- Doing security-related tasks
- Addressing the improvement action with a third-party application or software, or alternate mitigation
Enable Multi-Factor Authentication
Multi-factor authentication (MFA) in Office 365 is a simple yet very effective way to prevent unauthorized access to privileged accounts. To enable MFA you will need to go to the Admin Center, select Users > Active users, and select Multi-factor authentication. On this page, you can set up MFA for some, or all users.
Discover and classify your critical assets
Microsoft Office 365 has a built-in data classification solution to help organizations discover and classify their critical assets, which can help to prevent external sharing of sensitive data. However, for companies that store large amounts of sensitive data, adopting a third-party data classification software is probably a better option. For example, a third-party solution can automatically discover and classify sensitive data across a wide range of platforms, including both on-premise and cloud-based environments. Third-party solutions also tend to deliver more accurate results, and they come with pre-defined classification taxonomies, which cover a wide range of data privacy laws, such as GDPR, HIPAA, PCI-DSS, and more. Classifying sensitive data will make it a lot easier to apply the appropriate security controls.
Enforce “least privilege” access
Access to every Microsoft 365 account should be restricted according to the Principal of Least Privilege (PoLP). Global administrator accounts should only be used when absolutely necessary, and you will need to regularly review all access permissions, and revoke them whenever possible. You will also need to keep track of any third-party storage services and set expiration dates on links.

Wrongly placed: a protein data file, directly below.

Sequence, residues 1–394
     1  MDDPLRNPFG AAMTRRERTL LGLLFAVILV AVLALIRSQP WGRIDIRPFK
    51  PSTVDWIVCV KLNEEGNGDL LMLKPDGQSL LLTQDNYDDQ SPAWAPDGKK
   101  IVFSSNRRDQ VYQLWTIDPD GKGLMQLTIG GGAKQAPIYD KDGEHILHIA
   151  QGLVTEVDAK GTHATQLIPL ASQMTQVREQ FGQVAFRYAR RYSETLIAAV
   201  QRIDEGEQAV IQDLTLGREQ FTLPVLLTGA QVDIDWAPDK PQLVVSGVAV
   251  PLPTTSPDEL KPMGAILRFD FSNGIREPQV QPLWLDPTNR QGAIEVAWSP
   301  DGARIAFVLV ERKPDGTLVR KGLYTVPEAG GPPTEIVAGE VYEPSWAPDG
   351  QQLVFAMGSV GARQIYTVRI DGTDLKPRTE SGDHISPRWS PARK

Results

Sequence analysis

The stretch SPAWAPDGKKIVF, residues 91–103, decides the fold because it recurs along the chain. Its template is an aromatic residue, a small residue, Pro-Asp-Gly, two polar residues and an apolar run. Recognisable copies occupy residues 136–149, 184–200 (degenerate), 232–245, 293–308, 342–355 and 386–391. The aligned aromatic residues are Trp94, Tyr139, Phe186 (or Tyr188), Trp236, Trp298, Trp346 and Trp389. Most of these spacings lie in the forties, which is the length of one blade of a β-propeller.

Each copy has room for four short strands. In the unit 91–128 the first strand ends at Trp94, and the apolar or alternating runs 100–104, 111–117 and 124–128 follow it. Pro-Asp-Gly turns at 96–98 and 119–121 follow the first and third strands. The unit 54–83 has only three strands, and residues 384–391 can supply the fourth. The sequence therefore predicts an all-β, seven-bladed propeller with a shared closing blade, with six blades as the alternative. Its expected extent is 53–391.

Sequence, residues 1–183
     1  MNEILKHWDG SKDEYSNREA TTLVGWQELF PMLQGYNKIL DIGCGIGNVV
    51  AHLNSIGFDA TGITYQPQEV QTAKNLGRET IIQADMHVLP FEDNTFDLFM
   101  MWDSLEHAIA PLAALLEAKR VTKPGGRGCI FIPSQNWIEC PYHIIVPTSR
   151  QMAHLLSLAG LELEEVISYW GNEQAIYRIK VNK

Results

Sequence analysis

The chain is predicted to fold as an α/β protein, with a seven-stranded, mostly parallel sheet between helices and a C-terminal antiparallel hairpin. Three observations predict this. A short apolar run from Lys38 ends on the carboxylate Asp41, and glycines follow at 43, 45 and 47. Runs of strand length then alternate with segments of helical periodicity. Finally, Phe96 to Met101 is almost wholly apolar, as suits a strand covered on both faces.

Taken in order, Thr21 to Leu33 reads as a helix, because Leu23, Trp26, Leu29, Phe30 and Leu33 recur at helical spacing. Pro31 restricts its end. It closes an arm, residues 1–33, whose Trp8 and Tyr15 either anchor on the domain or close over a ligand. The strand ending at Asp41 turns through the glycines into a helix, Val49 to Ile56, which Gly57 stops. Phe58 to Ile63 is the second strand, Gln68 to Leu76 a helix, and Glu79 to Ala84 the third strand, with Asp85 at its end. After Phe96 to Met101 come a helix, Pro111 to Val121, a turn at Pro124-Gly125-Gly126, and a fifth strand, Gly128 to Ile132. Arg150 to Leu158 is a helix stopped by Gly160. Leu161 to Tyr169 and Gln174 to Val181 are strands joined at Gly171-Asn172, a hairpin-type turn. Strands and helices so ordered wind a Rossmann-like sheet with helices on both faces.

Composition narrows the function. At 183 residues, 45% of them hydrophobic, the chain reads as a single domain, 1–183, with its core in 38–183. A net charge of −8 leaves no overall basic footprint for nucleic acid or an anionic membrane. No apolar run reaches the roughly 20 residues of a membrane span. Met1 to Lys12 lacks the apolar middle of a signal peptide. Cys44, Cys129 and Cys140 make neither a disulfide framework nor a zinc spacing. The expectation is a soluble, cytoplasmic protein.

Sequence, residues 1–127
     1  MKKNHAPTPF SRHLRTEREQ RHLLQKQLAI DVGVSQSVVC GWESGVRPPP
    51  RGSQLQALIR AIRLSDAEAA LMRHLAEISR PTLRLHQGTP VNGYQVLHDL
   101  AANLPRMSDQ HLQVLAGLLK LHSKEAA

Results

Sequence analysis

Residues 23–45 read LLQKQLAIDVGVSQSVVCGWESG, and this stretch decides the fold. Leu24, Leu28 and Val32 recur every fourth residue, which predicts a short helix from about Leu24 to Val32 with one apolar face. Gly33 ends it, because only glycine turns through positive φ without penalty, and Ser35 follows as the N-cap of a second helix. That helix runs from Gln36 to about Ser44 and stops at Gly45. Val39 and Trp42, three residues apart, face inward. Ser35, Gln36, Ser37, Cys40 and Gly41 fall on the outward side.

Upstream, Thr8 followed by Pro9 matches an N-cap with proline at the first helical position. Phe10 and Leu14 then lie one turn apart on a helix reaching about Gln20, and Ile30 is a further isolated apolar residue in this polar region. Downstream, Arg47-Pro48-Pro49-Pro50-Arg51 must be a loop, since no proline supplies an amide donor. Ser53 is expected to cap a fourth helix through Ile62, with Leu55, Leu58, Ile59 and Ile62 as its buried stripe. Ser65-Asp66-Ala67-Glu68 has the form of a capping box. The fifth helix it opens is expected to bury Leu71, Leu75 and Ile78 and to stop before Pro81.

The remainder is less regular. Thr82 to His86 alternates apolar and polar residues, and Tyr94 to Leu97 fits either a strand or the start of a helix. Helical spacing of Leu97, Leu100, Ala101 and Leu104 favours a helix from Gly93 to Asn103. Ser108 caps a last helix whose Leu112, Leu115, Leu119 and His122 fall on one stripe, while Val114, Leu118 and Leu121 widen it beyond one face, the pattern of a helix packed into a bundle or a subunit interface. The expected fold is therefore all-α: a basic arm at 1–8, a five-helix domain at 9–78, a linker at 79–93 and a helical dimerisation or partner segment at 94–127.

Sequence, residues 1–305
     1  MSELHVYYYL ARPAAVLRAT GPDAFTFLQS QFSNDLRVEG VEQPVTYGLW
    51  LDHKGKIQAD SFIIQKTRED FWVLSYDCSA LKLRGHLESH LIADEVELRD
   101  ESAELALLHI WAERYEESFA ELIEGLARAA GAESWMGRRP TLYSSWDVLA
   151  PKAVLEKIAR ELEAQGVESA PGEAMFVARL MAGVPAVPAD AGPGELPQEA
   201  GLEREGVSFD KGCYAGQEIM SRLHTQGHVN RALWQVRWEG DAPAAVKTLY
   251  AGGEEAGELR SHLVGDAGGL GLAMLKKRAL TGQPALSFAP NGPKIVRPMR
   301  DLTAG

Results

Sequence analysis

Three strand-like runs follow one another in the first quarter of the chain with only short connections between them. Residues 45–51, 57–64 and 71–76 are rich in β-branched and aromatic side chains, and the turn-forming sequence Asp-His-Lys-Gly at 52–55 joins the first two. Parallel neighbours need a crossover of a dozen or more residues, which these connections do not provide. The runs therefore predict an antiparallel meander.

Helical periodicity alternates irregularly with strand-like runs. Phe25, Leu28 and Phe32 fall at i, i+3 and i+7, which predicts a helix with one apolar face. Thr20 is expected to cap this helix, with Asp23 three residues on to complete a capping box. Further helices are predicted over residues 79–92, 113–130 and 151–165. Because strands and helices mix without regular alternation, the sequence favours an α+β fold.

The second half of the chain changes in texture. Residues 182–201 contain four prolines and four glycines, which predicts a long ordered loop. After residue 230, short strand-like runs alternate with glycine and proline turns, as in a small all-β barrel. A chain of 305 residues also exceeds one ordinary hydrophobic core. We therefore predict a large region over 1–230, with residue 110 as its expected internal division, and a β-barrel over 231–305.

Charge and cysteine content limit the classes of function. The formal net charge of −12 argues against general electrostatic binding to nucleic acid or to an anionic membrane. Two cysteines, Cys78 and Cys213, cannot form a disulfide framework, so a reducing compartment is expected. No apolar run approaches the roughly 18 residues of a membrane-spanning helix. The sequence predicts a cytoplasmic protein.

Enable Unified Audit Logging
The Microsoft 365 unified audit log helps administrators monitor suspicious activities across all services. If you need a more comprehensive and contextual audit, consider using a third-party auditing solution that uses machine learning techniques to identify anomalies. A third-party Office 365 auditing solution will also aggregate event data from a broad range of sources, including both on-premise and cloud platforms. You should also enable mailbox auditing to monitor activity in Exchange Online. However, if you are using a recent version of Microsoft 365, mailbox auditing will be enabled by default. In addition to monitoring non-owner mailbox access, you will need to monitor all changes to mailbox permissions and settings. It’s worth noting that audit logs are retained for 90 days for Basic auditing. If you want to extend this period, which may be necessary to comply with certain regulations, you will need to purchase an additional license, or use a third-party auditing solution, where such limitations don’t apply.
If you’d like to see how Lepide can help you keep Microsoft 365 secure, schedule a demo with one of our engineers or start your free trial today.